But that is my experience, and I have had moments of regret about the surgery because I didn't get the immediate results I was hoping for. Backing out sounds like it might be a wise choice for you. You have many doubts, and you should never have any elective surgery unless you're 100% positive about it.
JPD
 
Posts: 160
Joined: Mon Mar 19, 2007 3:09 am
Location: Southern California

Postby Betty39 » Wed Jul 11, 2007 3:51 am

There are no guarentees with this surgery. You take a risk. The statistics are in your favor. But again, nobody knows exactly how YOUR eyes will respond to this surgery. Most people do fine.
I have had persistant dry eye since my surgery 9 months ago. However my vision is very good, better than with my contacts and glasses. I also notice floaters which I can ignore. Overall I am happy with the vision. It's good enough for me. For my line of work it's okay. Yours may be another story.
The dry eye alone has been very difficult and distracting. I had no dry eye that I knew of pre surgery. But it's a known "risk" for this surgery.
If I were you and you HAD to have perfect vision for your occupation, I personally wouldn't take a risk like that. And I would learn to live with the glasses because corneal ulcers can potentially effect your vision too.
But I've learned alot about just leaving one's self alone.
Good luck in your decision whatever it may be.
Betty39
 
Posts: 130
Joined: Thu Nov 02, 2006 11:21 pm
Location: Ventura CA

Postby DryEye » Wed Jul 11, 2007 3:41 pm

If you decide to do this only do it with one of the best even if that means going to another state. Do your research and don't be in a hurry to do it.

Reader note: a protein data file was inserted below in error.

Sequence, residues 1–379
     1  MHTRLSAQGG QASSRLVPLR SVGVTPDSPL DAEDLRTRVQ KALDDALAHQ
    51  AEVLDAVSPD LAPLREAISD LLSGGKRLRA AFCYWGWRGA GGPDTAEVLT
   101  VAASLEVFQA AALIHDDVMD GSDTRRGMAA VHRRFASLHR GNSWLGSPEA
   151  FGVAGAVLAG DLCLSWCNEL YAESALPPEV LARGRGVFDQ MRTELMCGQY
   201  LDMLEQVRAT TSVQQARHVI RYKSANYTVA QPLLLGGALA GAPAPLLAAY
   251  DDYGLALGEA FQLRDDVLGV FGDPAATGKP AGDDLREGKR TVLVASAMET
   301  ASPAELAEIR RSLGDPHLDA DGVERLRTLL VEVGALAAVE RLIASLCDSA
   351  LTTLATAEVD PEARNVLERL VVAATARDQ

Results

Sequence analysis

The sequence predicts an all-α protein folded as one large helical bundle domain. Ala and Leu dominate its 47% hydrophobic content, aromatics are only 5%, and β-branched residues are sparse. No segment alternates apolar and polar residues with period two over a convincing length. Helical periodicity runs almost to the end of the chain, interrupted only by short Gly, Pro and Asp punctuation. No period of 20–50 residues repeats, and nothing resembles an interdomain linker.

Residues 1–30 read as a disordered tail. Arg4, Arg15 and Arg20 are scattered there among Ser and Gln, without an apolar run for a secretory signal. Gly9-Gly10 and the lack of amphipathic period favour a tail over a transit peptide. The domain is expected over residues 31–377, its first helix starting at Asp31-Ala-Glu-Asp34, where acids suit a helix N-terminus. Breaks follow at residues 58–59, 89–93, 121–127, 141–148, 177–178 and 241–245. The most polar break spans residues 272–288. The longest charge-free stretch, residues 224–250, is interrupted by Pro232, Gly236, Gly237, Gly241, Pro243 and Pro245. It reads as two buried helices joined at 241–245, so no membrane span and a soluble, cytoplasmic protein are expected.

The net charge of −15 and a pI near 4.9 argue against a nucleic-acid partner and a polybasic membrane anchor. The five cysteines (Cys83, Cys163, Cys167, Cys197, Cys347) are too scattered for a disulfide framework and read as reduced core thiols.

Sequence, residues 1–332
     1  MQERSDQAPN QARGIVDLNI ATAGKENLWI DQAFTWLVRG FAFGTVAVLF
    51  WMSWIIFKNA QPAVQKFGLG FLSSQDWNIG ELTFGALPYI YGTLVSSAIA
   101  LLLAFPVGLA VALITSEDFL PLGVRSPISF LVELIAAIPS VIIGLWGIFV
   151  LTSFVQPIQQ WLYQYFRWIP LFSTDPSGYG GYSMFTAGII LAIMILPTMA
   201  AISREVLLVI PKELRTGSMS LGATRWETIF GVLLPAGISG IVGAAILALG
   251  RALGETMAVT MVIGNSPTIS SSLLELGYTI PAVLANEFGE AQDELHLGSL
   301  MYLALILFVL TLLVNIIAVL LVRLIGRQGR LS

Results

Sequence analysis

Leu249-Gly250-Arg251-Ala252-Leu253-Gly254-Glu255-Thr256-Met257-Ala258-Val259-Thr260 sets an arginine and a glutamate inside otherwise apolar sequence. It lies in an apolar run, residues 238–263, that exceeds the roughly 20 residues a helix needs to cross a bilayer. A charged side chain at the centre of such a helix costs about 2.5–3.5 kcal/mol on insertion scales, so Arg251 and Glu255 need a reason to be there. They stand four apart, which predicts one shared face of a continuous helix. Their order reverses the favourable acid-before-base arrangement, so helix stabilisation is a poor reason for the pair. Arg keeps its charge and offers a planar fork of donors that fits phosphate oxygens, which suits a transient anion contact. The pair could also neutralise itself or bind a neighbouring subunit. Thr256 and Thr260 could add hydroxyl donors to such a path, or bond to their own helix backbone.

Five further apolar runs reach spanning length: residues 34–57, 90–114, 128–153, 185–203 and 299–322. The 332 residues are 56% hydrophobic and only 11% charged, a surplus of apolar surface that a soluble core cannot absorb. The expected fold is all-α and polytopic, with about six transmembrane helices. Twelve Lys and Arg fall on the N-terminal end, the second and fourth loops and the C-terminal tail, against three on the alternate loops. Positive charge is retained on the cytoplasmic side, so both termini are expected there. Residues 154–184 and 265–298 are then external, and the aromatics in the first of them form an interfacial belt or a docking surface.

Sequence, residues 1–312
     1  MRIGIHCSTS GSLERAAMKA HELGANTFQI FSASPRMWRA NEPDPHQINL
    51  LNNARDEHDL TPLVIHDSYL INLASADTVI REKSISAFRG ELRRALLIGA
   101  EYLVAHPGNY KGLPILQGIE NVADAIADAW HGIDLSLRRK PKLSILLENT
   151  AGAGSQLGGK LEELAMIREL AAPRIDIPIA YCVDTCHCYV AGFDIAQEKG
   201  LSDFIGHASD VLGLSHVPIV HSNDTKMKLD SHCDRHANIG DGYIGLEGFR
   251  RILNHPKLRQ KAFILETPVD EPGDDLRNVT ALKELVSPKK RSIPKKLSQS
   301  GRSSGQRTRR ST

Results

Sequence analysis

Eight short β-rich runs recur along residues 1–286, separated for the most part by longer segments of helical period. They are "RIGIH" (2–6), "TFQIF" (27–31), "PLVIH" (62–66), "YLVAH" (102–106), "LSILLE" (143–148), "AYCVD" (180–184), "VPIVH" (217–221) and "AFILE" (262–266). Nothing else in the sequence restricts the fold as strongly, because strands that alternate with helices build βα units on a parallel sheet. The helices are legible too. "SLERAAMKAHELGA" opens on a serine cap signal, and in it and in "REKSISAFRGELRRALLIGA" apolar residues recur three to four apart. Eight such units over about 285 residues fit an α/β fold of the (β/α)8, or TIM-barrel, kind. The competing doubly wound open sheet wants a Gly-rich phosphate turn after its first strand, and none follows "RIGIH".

That way you will have the best odds in your favor.
You want this to go well immediately not end up here on this board afterwards trying to learn all you can and figure out what to do from there.
Yes, you can have 20/20 or 20/30 and not have things be crisp and clear, which may be fixable with an enhancement.
DryEye
 
Posts: 282
Joined: Tue Jun 20, 2006 4:59 pm

Postby JPD » Wed Jul 11, 2007 5:30 pm

DryEye wrote:If you decide to do this only do it with one of the best even if that means going to another state. Do your research and don't be in a hurry to do it. You want this to go well immediately not end up here on this board afterwards trying to learn all you can and figure out what to do from there.


That's a good point, but even so it still doesn't always work that way. I had a perfect surgery(according to a corneal specialist who examined me) and I'm still here asking questions.
JPD
 
Posts: 160
Joined: Mon Mar 19, 2007 3:09 am
Location: Southern California

STFalcon, did you do it?

Postby Borderline » Sun Jul 29, 2007 4:22 pm

I was just checking in to see if you decided to go through with the surgery. I noticed that your in illinois, i'm right outside of St. Louis on the Missouri side.

I too agonized over the decision to get LASIK. I think it's important that you keep realistic goals. Most people get LASIK and have relatively no/minor complications. The problem is you can't expect for everything to be perfect and not settle for anything less. You have to go into the surgery hoping for the best but being prepared for any complication that can come your way. You made the right decision to research before you had the surgery. I think this makes things even scarier, but it is always better to be informed first.

It was funny, before my surgery everyone was so excited for me. They were joking about me throwing my glasses out the window and drowning my contacts. I would always say, "I hope that I don't need them anymore, but there is no gurantee". People didn't understand why I wasn't jumping out of my seat excited before surgery. I was mentally prepared to accept the outcome of my surgery. I even almost backed out more than once.


With that being said, I had the surgery a little over a week ago and I am very happy with my results so far. I had minor complications(a flap wrinkle), but my vision is getting better all the time. Honestly, I am just thrilled and amazed that I can see without my glasses. I can not tell you how excited you are the day after surgery. It's like there is a whole new world out there and you can't wait to check it out with your "new eyes"!

In the end you will make the decision that is right for you. There is never any harm in postponing a surgery until your ready for it, or cancelling completely.
Borderline
 
Posts: 20
Joined: Thu Jul 05, 2007 9:22 pm
Location: Missouri


Return to Thinking About It

Who is online

Users browsing this forum: No registered users and 1 guest